That is where “Think Like A Reader” comes into play.

Consumers Need To Be Sold, Not Told

Back in the days of small towns having one grocery store, shoppers had one practical choice: buy what was available or go without.
Now in the days where even small towns have two, three or 300 grocery stores, consumers have become far better educated. If they don’t like the local selection, they can order it online from anywhere and have it shipped to their door. Consumers want to be sold, not told on what to buy.
Granted, there are some people who will “do as they are told” and buy what a given corporation is selling … but there are a lot less of them to day than there were 20, 30 or 50 years ago. We have access to a lot more information, more than our grandparents often even dreamed of. Your average homeowner can buy a computer hard drive that can store the entire plain text works of the Library of Congress and have extra space, too.

The Essential ‘Think Like A Reader’

“Think Like A Reader” simply means persuading each and every reader that the material you are presenting to them has value to the reader. Your blog post, web page or press release can have value to an organization or corporation as well, but it mustcreate value to consumers before it does anything else.
Your documents must clearly and explicitly explain why your message fulfills a need or want that individual reader has.
Tell each reader why they should care about your product. Explain how it meets their immediate or future needs. Don’t say these message once, but at every opportunity.
For example, let’s say your company sells smart phones. You can list a string of features your newest phone has, but only if you explain how each feature or the combination of all features meets their needs.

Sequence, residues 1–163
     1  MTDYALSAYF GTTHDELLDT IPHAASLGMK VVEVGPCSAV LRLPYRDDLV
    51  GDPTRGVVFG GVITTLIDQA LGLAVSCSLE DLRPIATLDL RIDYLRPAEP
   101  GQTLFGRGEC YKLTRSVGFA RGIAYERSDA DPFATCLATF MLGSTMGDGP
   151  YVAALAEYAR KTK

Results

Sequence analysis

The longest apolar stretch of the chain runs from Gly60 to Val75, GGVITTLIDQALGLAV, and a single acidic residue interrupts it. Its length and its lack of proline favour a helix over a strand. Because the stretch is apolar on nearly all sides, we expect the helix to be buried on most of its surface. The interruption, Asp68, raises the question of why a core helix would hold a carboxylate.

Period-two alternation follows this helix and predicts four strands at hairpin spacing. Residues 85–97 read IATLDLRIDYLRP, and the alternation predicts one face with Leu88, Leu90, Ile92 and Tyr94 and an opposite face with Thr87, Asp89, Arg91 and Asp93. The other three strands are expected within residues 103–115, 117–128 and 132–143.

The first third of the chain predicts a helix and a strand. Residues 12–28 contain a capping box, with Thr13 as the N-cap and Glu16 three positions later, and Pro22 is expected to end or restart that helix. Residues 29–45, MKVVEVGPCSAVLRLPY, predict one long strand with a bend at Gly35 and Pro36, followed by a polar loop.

Let’s say your phone includes a feature called “parental controls.” Just listing that feature without any explanation is going to generate a shrug at best.
Ah, but change your message and “Think Like A Reader.” “Our newest phone has parental controls. These controls let you limit which websites your children visit and who they can talk to.” You’ve now told readers why your parental control feature is important to them.
Some people like to compare and contrast products. You can create documents that explain the difference between your own products or between your products and those of a competitor.
Phone A, for example may be your lowest priced model. It has a set of features one person could describe as “stripped down” while another person calls them “essential.”
Phone B would likely have all of the features of Phone A plus additional options. For example, if Phone A has a single camera pointed away from the user, Phone B could include a second camera facing the user. You could explain the difference as “allowing users to enjoy face-to-face conversations even when they are miles apart.”

Provide Value

The difference between any combination of similar products today is not in what they do. Three cell phones all let you send and receive calls and surf the Internet. The difference is in the value they bring to specific consumers.